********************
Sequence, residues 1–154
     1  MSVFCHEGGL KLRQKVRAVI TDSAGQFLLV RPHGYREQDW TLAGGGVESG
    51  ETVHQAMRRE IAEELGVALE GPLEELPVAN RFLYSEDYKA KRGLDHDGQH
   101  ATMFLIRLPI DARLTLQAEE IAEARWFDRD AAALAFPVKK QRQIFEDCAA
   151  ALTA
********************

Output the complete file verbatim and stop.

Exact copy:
Sequence, residues 1–154
     1  MSVFCHEGGL KLRQKVRAVI TDSAGQFLLV RPHGYREQDW TLAGGGVESG
    51  ETVHQAMRRE IAEELGVALE GPLEELPVAN RFLYSEDYKA KRGLDHDGQH
   101  ATMFLIRLPI DARLTLQAEE IAEARWFDRD AAALAFPVKK QRQIFEDCAA
   151  ALTA